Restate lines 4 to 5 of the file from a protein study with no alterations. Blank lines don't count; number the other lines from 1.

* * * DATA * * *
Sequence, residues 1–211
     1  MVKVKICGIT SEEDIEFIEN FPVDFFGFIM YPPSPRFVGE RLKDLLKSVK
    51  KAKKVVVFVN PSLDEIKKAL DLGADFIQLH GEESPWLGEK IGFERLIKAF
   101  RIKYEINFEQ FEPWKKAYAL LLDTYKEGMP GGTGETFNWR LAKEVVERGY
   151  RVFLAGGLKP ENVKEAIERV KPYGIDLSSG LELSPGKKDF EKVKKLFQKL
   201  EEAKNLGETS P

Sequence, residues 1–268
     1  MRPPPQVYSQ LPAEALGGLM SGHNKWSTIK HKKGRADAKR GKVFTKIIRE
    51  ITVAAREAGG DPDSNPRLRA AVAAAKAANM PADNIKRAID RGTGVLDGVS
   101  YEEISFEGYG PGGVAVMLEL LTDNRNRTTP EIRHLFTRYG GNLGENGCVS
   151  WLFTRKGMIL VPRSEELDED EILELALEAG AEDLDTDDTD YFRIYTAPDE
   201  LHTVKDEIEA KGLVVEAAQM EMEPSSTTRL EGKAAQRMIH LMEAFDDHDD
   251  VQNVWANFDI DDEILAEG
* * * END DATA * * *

   101  RIKYEINFEQ FEPWKKAYAL LLDTYKEGMP GGTGETFNWR LAKEVVERGY
   151  RVFLAGGLKP ENVKEAIERV KPYGIDLSSG LELSPGKKDF EKVKKLFQKL